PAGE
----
INDIANAPOLIS — A K-9 officer with U.S. Customs and Border Protection on Saturday helped intercept 4.5 pounds of fentanyl with a street value of $1.5 million in a package bound for East Elmhurst, N.Y.
According to a report from U.S. Customs and Border Protection, the shipment was transiting through a local express consignment facility when CBP K-9 Balbina alerted to the package. When officers opened the shipment, they found a white, styrofoam cooler lined with padded black material. The cooler held two sealed packages of white powder that tested positive for fentanyl.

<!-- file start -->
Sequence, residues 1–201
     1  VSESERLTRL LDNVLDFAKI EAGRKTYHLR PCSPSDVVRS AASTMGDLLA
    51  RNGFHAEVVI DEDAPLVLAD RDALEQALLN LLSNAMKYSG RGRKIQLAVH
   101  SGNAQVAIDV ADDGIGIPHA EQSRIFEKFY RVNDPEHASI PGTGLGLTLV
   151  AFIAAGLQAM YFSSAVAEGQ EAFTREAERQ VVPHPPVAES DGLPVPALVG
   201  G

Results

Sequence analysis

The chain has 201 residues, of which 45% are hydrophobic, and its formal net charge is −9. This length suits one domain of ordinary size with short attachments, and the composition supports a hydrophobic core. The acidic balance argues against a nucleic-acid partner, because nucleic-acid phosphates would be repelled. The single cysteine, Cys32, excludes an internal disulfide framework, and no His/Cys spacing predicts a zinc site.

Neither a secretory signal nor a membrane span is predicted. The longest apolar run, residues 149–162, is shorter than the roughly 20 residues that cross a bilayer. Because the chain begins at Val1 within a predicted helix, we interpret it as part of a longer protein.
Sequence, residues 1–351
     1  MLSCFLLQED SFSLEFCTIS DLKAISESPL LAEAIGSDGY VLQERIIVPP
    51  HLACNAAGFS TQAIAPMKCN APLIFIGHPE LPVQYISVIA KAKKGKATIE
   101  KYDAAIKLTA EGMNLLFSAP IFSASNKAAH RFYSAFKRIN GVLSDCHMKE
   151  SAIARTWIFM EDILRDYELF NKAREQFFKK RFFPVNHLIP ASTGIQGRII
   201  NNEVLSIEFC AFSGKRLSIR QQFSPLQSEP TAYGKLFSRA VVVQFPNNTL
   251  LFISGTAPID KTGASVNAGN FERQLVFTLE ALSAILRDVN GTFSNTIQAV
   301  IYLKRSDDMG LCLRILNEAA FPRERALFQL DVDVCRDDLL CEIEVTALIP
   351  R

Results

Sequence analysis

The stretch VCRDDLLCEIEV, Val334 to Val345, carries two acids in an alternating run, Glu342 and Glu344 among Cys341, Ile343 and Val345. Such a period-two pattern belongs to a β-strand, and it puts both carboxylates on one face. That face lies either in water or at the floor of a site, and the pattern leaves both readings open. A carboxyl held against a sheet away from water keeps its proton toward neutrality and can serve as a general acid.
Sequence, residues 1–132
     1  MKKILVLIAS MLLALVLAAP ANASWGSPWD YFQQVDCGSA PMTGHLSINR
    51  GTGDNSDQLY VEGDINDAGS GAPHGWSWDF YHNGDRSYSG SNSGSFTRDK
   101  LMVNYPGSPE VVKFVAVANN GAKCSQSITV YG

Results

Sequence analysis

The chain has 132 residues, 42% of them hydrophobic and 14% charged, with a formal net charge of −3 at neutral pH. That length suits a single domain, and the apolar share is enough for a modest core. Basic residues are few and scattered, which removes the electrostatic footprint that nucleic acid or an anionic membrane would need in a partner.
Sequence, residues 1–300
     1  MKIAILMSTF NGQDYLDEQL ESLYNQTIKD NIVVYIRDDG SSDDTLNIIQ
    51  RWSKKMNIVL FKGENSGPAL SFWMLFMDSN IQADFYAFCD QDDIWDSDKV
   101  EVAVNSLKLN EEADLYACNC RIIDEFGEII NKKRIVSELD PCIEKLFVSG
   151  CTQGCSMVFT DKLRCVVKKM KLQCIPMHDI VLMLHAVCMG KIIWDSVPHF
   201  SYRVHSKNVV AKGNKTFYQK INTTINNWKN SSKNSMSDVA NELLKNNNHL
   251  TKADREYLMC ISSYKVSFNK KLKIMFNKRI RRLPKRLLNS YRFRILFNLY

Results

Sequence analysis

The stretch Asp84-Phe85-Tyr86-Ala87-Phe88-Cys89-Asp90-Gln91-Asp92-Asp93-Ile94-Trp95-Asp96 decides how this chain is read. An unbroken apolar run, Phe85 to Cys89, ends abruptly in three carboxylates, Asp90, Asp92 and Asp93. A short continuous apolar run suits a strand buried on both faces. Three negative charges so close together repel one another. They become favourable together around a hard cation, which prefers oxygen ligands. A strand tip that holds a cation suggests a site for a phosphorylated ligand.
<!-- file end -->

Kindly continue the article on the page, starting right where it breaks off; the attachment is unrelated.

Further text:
"Opioids pose a real danger to every community in America and are having fatal consequences across our nation," Indianapolis Port Director James Moore said in a statement. "This week our CBP officers were able to stop an enormous amount of these deadly narcotics from hitting our streets."
According to CBP, fentaynl is a synthetic opioid with a potency approximately 100 times greater than morphine. It was originally developed to control pain for cancer patients. According to the U.S. Drug Enforcement Administration, large quantities of fentanyl have been manufactured in China but it is now mostly made in Mexico.
"These efforts show our resolve to prevent these deadly drugs from entering our communities," Chief CBP Officer Tim Hubbard said.